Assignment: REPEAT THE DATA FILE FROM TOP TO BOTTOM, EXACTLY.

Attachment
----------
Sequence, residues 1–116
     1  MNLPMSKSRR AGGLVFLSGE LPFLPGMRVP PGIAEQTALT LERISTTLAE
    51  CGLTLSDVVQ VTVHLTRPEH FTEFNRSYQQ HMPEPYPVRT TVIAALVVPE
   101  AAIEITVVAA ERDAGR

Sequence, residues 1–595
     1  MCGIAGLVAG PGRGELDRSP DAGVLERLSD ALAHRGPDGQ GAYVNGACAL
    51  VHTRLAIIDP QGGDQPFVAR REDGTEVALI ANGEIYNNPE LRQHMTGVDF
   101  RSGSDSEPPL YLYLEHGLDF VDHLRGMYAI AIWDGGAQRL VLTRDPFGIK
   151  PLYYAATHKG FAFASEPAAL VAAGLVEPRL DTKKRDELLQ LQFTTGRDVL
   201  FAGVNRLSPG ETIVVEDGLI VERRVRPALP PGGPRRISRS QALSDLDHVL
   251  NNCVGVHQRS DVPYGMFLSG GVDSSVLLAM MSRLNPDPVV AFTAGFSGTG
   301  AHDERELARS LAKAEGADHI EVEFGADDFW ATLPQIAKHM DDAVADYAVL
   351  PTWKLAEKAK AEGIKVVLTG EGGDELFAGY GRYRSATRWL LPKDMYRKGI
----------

Sequence, residues 1–116
     1  MNLPMSKSRR AGGLVFLSGE LPFLPGMRVP PGIAEQTALT LERISTTLAE
    51  CGLTLSDVVQ VTVHLTRPEH FTEFNRSYQQ HMPEPYPVRT TVIAALVVPE
   101  AAIEITVVAA ERDAGR

Sequence, residues 1–595
     1  MCGIAGLVAG PGRGELDRSP DAGVLERLSD ALAHRGPDGQ GAYVNGACAL
    51  VHTRLAIIDP QGGDQPFVAR REDGTEVALI ANGEIYNNPE LRQHMTGVDF
   101  RSGSDSEPPL YLYLEHGLDF VDHLRGMYAI AIWDGGAQRL VLTRDPFGIK
   151  PLYYAATHKG FAFASEPAAL VAAGLVEPRL DTKKRDELLQ LQFTTGRDVL
   201  FAGVNRLSPG ETIVVEDGLI VERRVRPALP PGGPRRISRS QALSDLDHVL
   251  NNCVGVHQRS DVPYGMFLSG GVDSSVLLAM MSRLNPDPVV AFTAGFSGTG
   301  AHDERELARS LAKAEGADHI EVEFGADDFW ATLPQIAKHM DDAVADYAVL
   351  PTWKLAEKAK AEGIKVVLTG EGGDELFAGY GRYRSATRWL LPKDMYRKGI